It’s turbulent past has made Cyprus self-sufficient and in rural areas Cypriot families still produce almost everything they need, from pourgouri (cracked wheat) to cheese, home baked bread and smoked cured pork. Not so long ago the grain, oil and wine were stored in Pitharia, those enormous onion shaped terracotta pots that adorn the countryside. The island has always produced a huge variety of food due to its fine climate. In fact everyday foods such as figs, beans, chick peas, bitter herbs, olives, dates, almonds and nuts date back to the Bible. 
The Cypriots cook with less oil than their Mediterranean neighbours and their diet is a healthy one, apart from their love of syrup soaked pastries! Everything is cooked fresh, daily, and the quality of the produce is superb, due no doubt to the motto of the Cypriot housewife…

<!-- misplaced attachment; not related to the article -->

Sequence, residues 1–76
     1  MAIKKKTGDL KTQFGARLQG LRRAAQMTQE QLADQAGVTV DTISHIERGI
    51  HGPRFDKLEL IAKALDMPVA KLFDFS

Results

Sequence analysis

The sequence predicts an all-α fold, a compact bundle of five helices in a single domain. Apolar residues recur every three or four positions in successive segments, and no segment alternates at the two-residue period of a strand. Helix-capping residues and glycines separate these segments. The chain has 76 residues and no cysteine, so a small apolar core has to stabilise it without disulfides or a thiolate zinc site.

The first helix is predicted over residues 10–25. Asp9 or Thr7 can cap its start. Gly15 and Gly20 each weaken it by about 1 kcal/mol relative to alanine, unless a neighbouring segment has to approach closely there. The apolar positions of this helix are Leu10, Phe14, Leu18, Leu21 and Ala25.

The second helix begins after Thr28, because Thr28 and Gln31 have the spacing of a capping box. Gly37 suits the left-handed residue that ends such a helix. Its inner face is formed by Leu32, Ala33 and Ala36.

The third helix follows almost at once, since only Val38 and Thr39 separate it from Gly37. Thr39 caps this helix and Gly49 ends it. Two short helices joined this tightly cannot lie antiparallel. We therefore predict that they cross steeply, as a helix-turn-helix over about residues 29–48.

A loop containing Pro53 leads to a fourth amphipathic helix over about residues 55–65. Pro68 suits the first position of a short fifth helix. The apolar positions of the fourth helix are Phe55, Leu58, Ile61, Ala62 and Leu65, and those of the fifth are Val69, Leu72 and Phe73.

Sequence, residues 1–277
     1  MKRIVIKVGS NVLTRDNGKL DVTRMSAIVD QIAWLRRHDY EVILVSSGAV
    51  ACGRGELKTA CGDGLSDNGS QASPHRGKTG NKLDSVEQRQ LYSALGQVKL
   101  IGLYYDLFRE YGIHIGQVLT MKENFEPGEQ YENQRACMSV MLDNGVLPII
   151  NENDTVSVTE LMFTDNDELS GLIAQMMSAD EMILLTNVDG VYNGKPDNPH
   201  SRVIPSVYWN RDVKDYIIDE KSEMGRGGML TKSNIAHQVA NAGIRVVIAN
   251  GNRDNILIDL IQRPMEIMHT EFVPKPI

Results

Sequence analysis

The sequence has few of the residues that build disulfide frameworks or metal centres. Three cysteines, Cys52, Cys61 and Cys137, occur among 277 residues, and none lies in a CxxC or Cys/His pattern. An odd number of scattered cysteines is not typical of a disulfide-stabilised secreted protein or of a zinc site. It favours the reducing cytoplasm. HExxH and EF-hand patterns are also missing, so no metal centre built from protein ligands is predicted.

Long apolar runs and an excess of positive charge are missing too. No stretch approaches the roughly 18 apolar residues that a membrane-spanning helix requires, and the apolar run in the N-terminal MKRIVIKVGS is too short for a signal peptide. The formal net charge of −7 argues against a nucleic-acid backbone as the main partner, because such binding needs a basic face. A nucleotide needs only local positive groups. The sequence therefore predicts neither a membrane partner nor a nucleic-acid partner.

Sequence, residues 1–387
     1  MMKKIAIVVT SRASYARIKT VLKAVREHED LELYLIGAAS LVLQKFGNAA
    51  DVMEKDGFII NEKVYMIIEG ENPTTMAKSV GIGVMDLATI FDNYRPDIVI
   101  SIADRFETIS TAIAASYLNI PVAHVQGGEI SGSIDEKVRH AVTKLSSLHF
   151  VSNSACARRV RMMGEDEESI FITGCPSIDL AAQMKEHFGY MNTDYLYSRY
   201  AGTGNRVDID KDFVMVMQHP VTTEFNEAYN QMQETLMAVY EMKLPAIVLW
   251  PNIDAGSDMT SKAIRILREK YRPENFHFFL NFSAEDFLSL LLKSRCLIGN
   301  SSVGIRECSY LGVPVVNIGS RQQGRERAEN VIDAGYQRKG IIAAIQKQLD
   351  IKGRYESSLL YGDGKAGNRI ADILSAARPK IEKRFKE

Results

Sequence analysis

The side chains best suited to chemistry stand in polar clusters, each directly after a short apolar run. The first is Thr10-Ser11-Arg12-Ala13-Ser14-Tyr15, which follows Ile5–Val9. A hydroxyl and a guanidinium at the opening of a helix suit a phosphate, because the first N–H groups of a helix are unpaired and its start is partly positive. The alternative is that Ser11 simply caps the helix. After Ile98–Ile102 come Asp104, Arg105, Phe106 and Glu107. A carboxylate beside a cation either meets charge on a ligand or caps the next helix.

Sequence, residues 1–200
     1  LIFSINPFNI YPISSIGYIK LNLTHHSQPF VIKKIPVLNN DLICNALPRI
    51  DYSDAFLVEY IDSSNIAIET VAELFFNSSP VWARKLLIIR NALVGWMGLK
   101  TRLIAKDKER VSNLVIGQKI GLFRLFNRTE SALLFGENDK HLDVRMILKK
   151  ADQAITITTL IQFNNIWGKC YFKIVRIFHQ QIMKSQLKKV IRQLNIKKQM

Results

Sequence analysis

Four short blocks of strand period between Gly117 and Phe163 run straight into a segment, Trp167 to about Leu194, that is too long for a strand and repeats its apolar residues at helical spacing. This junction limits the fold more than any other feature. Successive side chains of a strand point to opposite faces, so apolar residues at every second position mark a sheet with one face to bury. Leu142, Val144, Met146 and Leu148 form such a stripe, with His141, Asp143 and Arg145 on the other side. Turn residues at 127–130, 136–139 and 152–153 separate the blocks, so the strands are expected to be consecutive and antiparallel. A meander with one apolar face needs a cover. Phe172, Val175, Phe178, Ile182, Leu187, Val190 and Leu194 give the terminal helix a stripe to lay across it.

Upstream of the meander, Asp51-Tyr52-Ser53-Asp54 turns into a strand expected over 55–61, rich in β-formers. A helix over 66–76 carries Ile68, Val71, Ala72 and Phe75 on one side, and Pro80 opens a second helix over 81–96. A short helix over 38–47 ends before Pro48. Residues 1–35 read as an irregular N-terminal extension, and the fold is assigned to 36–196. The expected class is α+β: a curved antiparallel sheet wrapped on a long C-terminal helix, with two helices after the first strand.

’If it isn’t fresh we don’t want it.’

If you are in a hurry, then you can find fast food in the shape of a pitta bread envelope, filled with souvlakia (kebab) and salad, but slow food is more the order of the day in Cyprus.


After all, why rush when there is time to enjoy your meal.

Some of other popular local dishes found in most restaurants and Tavernas are the following:

Bourgouri Wheat porridge, a substitute for rice

Colocasi Sweet potato, having a gastronomic affinity with the turnip

Feta Cheese made from goat’s milk
Glyko Sweet, consisting of fruit preserved in syrup

Halloumi Salty white cheese, made from lamb’s milk

HiromariLocal ham, pickled in wine

Kaskavalli Mild cheese

Kephalotiri Cheese like Gruyere

Keftedes Spiced meat balls

Koupes Fried meat rissoles enclosed in pastry

Loukoumades Similar to doughnuts with honey

Lounza Smoked pork tenderloin

Pitta Flat unleavened bread

Tahini Sesame ‘dip’ popular in eastern Mediterranean